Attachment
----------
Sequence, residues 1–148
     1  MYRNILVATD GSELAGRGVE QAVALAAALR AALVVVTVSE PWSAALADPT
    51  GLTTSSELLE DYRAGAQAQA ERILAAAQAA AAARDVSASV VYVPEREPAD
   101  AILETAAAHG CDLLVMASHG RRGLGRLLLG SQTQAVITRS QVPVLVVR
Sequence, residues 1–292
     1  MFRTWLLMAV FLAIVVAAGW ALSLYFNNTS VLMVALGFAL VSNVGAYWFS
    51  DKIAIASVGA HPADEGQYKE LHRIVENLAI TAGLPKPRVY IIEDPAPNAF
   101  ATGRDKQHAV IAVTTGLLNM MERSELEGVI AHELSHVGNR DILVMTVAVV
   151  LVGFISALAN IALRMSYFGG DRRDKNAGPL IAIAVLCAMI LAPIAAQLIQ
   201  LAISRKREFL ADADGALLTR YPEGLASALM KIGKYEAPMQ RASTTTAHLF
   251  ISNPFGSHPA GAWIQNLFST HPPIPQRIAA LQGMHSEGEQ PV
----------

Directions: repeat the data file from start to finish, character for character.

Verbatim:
Sequence, residues 1–148
     1  MYRNILVATD GSELAGRGVE QAVALAAALR AALVVVTVSE PWSAALADPT
    51  GLTTSSELLE DYRAGAQAQA ERILAAAQAA AAARDVSASV VYVPEREPAD
   101  AILETAAAHG CDLLVMASHG RRGLGRLLLG SQTQAVITRS QVPVLVVR
Sequence, residues 1–292
     1  MFRTWLLMAV FLAIVVAAGW ALSLYFNNTS VLMVALGFAL VSNVGAYWFS
    51  DKIAIASVGA HPADEGQYKE LHRIVENLAI TAGLPKPRVY IIEDPAPNAF
   101  ATGRDKQHAV IAVTTGLLNM MERSELEGVI AHELSHVGNR DILVMTVAVV
   151  LVGFISALAN IALRMSYFGG DRRDKNAGPL IAIAVLCAMI LAPIAAQLIQ
   201  LAISRKREFL ADADGALLTR YPEGLASALM KIGKYEAPMQ RASTTTAHLF
   251  ISNPFGSHPA GAWIQNLFST HPPIPQRIAA LQGMHSEGEQ PV